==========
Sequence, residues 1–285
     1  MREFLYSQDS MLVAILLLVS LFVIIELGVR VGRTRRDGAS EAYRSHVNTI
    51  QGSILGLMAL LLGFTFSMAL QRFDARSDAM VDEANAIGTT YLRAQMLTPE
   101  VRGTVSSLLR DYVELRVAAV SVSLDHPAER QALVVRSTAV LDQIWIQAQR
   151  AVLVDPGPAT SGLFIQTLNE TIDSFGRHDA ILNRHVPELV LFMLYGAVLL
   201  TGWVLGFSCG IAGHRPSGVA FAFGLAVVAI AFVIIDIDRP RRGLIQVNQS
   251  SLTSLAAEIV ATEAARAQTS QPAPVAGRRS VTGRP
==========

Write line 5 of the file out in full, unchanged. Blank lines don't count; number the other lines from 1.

   151  AVLVDPGPAT SGLFIQTLNE TIDSFGRHDA ILNRHVPELV LFMLYGAVLL